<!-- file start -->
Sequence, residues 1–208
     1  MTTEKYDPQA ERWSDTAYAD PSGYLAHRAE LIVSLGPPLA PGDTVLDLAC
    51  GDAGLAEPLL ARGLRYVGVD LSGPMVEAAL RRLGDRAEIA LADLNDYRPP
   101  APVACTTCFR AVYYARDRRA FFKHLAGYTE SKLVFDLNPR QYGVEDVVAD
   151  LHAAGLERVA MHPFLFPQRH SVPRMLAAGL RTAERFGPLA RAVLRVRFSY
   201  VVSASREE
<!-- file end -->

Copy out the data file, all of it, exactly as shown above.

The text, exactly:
Sequence, residues 1–208
     1  MTTEKYDPQA ERWSDTAYAD PSGYLAHRAE LIVSLGPPLA PGDTVLDLAC
    51  GDAGLAEPLL ARGLRYVGVD LSGPMVEAAL RRLGDRAEIA LADLNDYRPP
   101  APVACTTCFR AVYYARDRRA FFKHLAGYTE SKLVFDLNPR QYGVEDVVAD
   151  LHAAGLERVA MHPFLFPQRH SVPRMLAAGL RTAERFGPLA RAVLRVRFSY
   201  VVSASREE